I’m still in shock this is my last week here. I knew these couple months would fly by, but it really did feel like a blink of an eye. I feel so incredibly lucky to have gotten to work with everyone here, and take part in so many amazing projects all over the watershed.
I’m wrapping up on my main project - the Recreational Use Economic Value Study on the Upper Teton River. Organizing and conducting my own project was new and empowering. I collected my own data, did my own calculations (with the help of Rob of course), lead and worked with volunteers, made new connections, and got to share my findings in our seminar series. Coming out of my freshman year, real work experience will be such an advantage in the future. I now have some real insight into what a job in my area of interest might look like and some of the major skills involved with it.
While driving between seven different river access sites for six hours can be tedious, I will miss petting the horses on the road to South Bates, reading a book while waiting for the morning rush, slowing down to spot the hawks, eagles and sand cranes in nearby fields, grabbing a huckleberry milkshake at the Emporium, discovering small world connections with random people on the river, weaving between storms that pass through the valley, watching the fish rise, and driving home through the golden barley fields at sunset. I could go on and on about all the little things I loved while working over in Teton Valley that make it so hard to leave.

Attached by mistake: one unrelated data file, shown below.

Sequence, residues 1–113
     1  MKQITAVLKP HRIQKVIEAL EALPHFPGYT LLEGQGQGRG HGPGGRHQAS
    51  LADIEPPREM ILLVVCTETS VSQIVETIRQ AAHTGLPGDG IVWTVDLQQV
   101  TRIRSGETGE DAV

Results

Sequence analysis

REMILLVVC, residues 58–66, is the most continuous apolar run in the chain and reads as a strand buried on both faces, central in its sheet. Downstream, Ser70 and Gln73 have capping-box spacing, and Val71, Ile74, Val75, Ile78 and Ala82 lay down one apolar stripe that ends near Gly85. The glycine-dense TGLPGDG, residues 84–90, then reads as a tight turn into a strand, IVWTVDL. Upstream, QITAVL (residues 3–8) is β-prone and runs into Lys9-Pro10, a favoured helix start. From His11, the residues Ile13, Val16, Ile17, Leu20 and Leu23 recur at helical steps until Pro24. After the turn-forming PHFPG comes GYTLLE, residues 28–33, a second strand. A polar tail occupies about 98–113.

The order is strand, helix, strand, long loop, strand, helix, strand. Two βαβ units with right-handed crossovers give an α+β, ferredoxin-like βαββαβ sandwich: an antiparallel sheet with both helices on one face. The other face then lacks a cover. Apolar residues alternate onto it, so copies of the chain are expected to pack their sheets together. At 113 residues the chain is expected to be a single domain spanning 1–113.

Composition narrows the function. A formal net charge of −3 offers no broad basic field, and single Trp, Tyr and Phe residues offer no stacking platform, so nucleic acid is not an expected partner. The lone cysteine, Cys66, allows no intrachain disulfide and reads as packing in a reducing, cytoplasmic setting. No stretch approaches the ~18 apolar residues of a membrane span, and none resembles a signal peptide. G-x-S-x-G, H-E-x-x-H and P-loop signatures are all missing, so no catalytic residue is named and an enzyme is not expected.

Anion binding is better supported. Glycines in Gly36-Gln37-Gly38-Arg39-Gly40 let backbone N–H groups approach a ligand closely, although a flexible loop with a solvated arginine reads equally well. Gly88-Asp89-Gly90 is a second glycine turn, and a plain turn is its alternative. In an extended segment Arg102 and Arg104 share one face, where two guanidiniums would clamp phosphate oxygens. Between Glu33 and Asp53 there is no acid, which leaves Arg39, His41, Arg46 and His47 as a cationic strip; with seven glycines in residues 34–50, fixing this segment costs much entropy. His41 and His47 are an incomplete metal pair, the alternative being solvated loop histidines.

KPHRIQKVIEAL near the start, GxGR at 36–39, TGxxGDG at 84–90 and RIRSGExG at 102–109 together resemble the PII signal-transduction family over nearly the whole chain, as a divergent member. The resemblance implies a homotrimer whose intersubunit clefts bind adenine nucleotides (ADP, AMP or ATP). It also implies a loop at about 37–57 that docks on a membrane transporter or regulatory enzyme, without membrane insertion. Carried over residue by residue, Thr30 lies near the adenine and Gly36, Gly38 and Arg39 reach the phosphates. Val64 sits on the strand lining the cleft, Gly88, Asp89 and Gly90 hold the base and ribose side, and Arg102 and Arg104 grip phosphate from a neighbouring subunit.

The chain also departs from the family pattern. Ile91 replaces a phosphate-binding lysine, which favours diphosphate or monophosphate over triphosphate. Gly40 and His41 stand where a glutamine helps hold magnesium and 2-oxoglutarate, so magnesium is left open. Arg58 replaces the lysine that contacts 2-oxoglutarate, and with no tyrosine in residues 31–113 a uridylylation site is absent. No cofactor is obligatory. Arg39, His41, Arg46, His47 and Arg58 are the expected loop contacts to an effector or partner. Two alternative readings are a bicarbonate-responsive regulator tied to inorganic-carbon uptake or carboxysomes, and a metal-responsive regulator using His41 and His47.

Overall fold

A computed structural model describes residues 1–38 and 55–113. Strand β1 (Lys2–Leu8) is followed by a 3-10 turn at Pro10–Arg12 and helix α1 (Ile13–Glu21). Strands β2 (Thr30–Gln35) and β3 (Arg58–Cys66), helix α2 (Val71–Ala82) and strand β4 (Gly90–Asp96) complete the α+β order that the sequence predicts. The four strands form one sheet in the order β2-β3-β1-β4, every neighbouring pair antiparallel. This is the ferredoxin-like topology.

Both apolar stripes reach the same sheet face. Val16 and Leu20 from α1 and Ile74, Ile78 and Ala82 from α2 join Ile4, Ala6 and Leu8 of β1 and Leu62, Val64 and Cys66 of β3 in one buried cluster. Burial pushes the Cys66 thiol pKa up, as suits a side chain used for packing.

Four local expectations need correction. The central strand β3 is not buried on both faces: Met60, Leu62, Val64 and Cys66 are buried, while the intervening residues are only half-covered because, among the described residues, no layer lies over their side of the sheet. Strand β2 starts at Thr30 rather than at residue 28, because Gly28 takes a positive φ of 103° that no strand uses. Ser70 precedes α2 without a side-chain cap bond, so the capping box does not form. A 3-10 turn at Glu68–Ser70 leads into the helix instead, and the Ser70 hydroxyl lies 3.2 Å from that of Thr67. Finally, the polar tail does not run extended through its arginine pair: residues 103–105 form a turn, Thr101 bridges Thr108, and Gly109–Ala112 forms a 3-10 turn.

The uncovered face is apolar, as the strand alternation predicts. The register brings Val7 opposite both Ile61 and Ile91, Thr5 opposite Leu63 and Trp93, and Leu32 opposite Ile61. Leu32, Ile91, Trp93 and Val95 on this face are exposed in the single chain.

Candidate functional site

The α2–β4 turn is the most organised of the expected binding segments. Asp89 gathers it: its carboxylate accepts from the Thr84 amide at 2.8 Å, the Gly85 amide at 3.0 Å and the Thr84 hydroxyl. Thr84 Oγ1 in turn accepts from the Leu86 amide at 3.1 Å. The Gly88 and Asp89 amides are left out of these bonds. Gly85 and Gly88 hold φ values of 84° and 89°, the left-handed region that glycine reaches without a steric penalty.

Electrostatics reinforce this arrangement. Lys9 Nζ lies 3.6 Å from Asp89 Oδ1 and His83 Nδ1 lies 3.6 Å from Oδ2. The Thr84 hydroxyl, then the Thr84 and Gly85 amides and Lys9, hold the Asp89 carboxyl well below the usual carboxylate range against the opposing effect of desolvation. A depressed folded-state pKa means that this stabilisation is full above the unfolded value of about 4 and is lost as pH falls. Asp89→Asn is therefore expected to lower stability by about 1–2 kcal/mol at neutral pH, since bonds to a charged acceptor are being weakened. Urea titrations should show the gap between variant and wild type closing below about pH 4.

The Henry’s Fork Foundation is remarkably good at what they do. They foster such a tight and respected community, both local and regional. Creating positive relationships seems to be one of the most important steps in forming these close communities and maintaining support. They work hard with precision, making for strong projects and reliable data. There has also been a huge emphasis on communication. With so many findings and information, sharing it properly with the rest of the community and communicating well with one another is essential. I was able to practice this not only out in the field while talking to river users, but in my presentation as well. As a non-profit foundation, every person, whether an employee or member, works hard to pitch in for every event, meeting, activity or whatever it may be—they really are one big team here that can pull off almost anything. Lastly, they are all incredibly passionate. The office is full of avid fisherman and people who live in the area and know the watershed’s value. It’s clear that their connection to and involvement with the river really builds (or should I saw spawns) their immense dedication and time to protect it. Each and every person in the office was so kind, welcoming, inclusive, supportive, and just fun to be around. They really make you feel part of the organization and have taught me so much more than I could’ve imagined.
On a final note, I climbed South Teton last week! My mom had climbed the Grand when she was 19 and working out here. I wanted to do the same, but didn't have seven-hundred bucks to spare on a guide, so I did South! My body still hurts and it was definitely a challenge, but so worth it and absolutely gorgeous—views are pretty hard to beat from 12,513 ft. I’ve adored the Tetons ever since I was little and even more so now; being able to share that love and my own unique experience out here with her is extremely special. I guess I’ll have to come back to do the Grand!